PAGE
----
The examples that I have laid out now, and the countless others that can be constructed in the same vain, are merely examples of prudence. They are rational understandings of 'smart behaviour' that allow us to function better in the world and need not have much emotional investment at all. Fears, on the other hand, are the crippling thoughts that plague us day and night, existing outside of our rational thought process with little immediate relevance. Often, fear of this nature gains disproportionate power and can send us into physically debilitating states. It might seem rational to fear exclusion from the crowd or embarrassment or failure. Once these things are seen in truth, however, as occurrences that have no emotional valence until we make it so, the weight of the fear is lifted and an appropriate response can be developed. Often, holding to what we believe to be right or worthwhile brings us into a place where public scrutiny is inevitable. Whether it is chasing an education, a job, a dream, or starting an adventure or business or relationship, we often feel the fear of having to justify ourselves. On a deeper level, we fear making the wrong life decisions or aiming for something in which failure seems the only likely result. Mindful reflection on each of these things is necessary to create an ideal approach to each problem, but freedom from the irrational fear of such things can only be found by truly sticking to the approach that was chosen; action resulting from the decisions made in a clear frame of mind.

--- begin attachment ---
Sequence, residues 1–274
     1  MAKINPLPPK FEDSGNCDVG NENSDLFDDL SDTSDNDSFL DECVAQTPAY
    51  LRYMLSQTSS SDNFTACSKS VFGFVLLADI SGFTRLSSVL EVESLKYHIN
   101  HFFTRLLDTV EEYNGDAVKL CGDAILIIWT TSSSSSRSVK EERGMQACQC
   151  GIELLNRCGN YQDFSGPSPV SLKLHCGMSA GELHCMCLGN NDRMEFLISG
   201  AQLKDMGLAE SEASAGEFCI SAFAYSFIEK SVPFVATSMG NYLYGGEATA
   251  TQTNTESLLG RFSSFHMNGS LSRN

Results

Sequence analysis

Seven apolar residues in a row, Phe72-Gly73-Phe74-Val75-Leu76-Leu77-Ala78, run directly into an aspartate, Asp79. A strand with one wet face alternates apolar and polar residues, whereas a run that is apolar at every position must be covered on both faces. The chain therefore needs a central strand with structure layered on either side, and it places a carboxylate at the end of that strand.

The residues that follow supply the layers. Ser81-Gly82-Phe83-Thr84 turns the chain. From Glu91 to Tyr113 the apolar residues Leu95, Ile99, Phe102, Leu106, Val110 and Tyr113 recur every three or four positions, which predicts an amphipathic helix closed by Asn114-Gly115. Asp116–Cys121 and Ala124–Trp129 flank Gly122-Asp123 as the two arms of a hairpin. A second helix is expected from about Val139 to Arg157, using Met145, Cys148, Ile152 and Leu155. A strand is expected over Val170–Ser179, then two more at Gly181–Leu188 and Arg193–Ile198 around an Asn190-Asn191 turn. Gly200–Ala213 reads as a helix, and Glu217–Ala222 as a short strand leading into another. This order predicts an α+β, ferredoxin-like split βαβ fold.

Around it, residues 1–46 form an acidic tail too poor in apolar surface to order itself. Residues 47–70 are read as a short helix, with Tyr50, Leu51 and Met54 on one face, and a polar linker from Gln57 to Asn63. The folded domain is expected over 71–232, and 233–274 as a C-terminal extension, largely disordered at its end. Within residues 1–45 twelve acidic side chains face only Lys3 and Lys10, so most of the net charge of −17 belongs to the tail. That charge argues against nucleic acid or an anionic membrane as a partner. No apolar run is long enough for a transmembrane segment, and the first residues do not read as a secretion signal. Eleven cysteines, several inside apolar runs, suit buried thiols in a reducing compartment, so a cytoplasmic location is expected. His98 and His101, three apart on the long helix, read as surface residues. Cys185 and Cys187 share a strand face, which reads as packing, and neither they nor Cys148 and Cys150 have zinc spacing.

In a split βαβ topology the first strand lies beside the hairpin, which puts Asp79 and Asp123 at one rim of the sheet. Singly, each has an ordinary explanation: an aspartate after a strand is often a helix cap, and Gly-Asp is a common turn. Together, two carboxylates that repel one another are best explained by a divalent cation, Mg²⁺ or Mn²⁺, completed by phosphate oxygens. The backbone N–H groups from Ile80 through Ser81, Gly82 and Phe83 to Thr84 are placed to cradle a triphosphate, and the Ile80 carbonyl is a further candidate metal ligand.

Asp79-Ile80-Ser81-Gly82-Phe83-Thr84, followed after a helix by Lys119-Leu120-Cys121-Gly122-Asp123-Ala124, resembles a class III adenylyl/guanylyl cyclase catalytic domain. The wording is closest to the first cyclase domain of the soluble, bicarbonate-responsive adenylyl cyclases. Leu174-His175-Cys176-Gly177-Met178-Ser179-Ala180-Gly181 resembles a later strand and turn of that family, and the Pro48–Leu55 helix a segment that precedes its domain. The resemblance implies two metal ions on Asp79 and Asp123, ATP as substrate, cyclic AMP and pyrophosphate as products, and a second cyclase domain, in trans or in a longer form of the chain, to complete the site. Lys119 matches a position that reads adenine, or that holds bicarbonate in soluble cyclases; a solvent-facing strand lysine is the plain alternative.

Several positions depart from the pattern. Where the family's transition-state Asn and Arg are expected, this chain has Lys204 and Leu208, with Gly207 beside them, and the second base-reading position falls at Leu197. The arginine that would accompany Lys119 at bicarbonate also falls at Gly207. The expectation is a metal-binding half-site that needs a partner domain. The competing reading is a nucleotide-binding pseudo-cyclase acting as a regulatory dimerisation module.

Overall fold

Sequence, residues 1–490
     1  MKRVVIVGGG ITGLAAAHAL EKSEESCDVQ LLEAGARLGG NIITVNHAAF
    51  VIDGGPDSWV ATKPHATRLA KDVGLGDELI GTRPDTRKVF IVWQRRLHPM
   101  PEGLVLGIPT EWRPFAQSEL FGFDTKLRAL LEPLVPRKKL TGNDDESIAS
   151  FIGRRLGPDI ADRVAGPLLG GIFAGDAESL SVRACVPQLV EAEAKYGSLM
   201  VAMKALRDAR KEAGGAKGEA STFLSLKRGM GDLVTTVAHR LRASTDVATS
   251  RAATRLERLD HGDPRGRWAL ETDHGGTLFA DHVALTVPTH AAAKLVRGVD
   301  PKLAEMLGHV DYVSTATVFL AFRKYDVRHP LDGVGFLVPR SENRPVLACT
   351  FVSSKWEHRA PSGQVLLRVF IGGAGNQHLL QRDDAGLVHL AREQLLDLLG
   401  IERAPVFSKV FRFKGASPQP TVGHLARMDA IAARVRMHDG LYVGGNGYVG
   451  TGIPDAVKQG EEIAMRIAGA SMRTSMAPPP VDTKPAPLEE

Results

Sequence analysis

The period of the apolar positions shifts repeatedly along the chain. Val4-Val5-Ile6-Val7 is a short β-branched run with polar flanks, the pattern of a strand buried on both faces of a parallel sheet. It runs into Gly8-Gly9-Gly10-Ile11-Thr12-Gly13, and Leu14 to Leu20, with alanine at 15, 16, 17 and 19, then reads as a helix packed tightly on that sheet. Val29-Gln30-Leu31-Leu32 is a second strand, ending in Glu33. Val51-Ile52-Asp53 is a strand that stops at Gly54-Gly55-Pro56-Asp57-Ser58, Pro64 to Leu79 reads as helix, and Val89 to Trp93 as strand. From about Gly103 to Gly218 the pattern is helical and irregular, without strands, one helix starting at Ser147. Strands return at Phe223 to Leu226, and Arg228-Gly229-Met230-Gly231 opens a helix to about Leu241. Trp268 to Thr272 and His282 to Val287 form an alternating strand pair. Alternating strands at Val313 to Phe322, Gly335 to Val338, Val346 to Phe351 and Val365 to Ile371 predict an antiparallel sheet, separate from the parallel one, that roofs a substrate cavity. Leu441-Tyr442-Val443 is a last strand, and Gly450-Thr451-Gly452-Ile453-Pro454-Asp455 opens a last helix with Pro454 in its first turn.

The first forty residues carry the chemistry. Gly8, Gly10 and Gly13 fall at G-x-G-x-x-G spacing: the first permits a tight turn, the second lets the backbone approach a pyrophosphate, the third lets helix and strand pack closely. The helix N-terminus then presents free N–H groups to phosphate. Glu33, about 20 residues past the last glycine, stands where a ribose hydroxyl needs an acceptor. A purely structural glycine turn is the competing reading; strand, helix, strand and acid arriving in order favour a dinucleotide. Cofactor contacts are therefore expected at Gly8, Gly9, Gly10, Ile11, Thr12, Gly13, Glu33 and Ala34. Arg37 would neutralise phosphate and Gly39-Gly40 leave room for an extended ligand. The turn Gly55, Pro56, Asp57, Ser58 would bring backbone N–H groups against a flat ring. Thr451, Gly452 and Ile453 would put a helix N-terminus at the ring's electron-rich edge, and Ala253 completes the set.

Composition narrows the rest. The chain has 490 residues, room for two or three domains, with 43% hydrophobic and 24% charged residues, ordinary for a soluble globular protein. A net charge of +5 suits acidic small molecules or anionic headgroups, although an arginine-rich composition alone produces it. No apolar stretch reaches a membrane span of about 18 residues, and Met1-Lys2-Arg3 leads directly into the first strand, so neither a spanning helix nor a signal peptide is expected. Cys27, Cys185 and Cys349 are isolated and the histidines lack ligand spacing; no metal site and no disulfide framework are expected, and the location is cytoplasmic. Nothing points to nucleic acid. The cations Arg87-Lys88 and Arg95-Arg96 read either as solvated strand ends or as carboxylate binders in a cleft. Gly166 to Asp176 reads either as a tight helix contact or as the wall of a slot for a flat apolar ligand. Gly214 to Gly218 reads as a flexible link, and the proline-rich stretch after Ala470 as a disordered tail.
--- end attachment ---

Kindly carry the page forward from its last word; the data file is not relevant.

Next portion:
The journey of life and freedom from fear is different for everyone, but a step in the right direction is redefining or reorganizing fears into those that are rational and thus prudent, and those that can be shed - even temporarily - in favour of a more calm and focused approach. Ultimately, any idea that generates enough apprehension to take your mind away from the present without your consent must be approached and dealt with actively so that it might be seen as a tangible and solvable problem, in it sown time.
Simply put, if you can fix it now, fix it. If not, take the time to prepare yourself to cross that bridge when you come to it!